Watching little old ladies in nylon wrap-around housecoats performing acrobatic feats has been the highlight of the olive harvest for me. Every year, around the end of October, the ladders and buckets come out, sheets or nets are spread on the ground and whole families muck in to pick ripened olives from gnarly trees.
Sadly, if the trees around our house are anything to go by, it’ll be a poor crop this year.
Last autumn it was a very different story; we were so impressed by the amount of olives weighing down the branches of our own olive tree that we actually picked and processed them. Yes, that’s right, processed them.
Before moving to Portugal, I had no idea that you can’t just eat olives straight from the tree but freshly-picked ones are incredibly bitter and need to be cured first to make them edible. So that’s what we did.
Or at least that’s what we tried to do.
Curing olives. Or rather how not to cure olives
We found a couple of methods on the internet, picked one that involved soaking them in a bucket of salty water for a few weeks and set about cleaning and sorting our bumper crop, chattering excitedly about our year’s supply of home grown olives. I even told my parents to expect a jar of Moura Mortian olives for Christmas.
Despite our initial optimism and religious stirring and water-changing, two factors rendered our efforts useless. To begin with, Mike had been less than scrupulous about checking for worm holes. For me, this was a very big deal; the anticipated joy of biting into an olive that we had personally picked, cured and jarred was replaced by the fear of biting into dead worms.
I did what I could to rectify the situation, inspecting the olives with every stir and tossing out any with obvious holes in but I remained wary, my enthusiasm severely dampened. Mike wasn’t so bothered about potential worms and just thought I was being overly picky.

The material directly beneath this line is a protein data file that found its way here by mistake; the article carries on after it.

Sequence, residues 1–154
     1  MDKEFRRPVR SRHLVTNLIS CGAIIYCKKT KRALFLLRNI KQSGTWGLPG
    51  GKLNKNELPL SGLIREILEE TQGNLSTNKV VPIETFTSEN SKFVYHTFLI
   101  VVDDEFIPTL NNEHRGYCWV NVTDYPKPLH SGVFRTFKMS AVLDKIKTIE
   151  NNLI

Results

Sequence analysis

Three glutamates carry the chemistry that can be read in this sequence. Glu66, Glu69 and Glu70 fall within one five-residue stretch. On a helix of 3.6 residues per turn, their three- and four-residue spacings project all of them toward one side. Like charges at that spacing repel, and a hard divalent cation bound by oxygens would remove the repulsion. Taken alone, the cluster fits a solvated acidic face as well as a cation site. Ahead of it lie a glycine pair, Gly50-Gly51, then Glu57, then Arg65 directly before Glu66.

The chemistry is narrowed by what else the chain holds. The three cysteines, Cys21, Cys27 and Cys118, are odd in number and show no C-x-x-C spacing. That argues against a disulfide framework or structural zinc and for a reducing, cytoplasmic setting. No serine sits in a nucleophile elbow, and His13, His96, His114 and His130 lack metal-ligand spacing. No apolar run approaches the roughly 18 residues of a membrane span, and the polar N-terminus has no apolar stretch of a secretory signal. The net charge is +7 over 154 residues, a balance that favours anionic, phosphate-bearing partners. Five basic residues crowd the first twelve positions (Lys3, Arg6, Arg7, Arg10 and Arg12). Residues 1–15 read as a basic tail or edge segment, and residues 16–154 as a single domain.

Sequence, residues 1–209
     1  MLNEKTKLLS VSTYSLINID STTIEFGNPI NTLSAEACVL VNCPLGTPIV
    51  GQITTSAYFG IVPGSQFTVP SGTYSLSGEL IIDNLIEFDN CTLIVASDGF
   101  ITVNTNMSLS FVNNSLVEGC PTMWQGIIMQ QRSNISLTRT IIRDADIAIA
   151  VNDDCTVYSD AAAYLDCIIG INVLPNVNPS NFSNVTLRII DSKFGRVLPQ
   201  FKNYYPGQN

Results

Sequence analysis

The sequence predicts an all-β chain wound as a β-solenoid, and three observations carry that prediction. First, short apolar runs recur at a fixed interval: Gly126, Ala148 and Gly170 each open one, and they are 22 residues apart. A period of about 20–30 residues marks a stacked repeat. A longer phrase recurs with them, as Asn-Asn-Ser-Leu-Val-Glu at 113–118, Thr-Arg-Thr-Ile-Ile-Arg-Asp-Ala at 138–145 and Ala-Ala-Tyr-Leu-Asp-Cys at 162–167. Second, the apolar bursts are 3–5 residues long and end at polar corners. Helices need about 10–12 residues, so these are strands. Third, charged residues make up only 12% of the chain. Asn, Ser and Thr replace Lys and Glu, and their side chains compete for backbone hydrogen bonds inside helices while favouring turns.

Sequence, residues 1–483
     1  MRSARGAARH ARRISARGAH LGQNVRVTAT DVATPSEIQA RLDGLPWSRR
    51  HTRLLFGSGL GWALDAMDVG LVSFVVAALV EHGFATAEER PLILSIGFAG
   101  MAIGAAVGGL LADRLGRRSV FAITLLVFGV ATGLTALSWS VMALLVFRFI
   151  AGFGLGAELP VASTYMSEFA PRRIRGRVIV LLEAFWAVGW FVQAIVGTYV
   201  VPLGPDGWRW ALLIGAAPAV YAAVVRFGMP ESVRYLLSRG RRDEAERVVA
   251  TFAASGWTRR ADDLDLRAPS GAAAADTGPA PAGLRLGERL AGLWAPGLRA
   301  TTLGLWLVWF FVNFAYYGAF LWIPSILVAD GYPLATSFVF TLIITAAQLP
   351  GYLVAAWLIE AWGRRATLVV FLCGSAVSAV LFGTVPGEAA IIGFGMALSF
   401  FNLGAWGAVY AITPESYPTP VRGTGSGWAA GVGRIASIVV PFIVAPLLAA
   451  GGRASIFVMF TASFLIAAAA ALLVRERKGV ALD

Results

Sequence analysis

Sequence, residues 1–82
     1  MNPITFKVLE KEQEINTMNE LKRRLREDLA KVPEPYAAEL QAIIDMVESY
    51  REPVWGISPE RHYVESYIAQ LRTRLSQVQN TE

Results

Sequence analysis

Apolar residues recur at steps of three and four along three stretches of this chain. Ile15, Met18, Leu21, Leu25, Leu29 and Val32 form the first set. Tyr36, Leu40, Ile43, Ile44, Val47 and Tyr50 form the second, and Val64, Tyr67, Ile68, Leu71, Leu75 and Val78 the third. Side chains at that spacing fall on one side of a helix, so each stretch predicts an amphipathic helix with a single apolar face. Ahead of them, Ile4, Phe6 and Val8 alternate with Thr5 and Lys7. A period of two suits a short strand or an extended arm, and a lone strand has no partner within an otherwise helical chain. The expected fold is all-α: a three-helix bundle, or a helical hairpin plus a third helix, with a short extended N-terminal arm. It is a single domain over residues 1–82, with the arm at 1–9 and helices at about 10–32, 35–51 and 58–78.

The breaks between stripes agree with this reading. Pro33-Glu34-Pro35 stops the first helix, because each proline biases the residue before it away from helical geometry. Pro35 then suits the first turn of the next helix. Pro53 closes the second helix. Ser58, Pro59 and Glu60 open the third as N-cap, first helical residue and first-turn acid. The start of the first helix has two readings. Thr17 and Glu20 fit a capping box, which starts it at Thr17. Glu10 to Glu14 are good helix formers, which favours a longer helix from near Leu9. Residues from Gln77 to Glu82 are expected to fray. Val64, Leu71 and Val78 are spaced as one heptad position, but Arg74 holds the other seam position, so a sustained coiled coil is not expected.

The project killer for him turned out to be the salt. We’d followed the recipe to the letter but the sea salt we were using must have been industrial strength because instead of gradually removing the bitter taste of freshly-picked olives, each time I tasted them, they were more revolting than ever.
By the time we realised what the problem was, nothing could be done to salvage our first, and possibly last olive crop. We reluctantly threw them out, making a mental note to use different salt in future. And to check more carefully for worm holes and defects.
There are plenty of Portuguese olive producers who do a far better job of curing them than we did and olives are readily available in all supermarkets. You can buy them tinned, in jars or in plastic tubs, or scoop them out of brine-filled vats in the fruit and veg section.
I prefer black olives to green ones; they tend to be less bitter, having either matured on the tree for longer or been processed differently to give them their colour. In the Alentejo town of Elvas, the method of curing produces bright green olives.
I tend to like the ones that have a few herbs floating around in the brine but you’ll have to try them for yourself to decide your favourites.
In Portuguese restaurants, olives are generally brought to the table without you even having to ask, but you do have to pay for them.
They’re usually very tasty, although the standard varies from restaurant to restaurant. Some places marinate them in garlic, herbs and oil, others serve them plain. Once, we even had sweet olives, which were unexpectedly delicious.
I never used to like olives before moving to Portugal but they’re just one of the many Portuguese foods I’ve learned to love. Maybe next year, we”ll have enough on our tree to have another crack at curing our own.
This post is part of my Personal A to Z of Portugal.If you’ve missed my previous A to Z posts, you can find them here.
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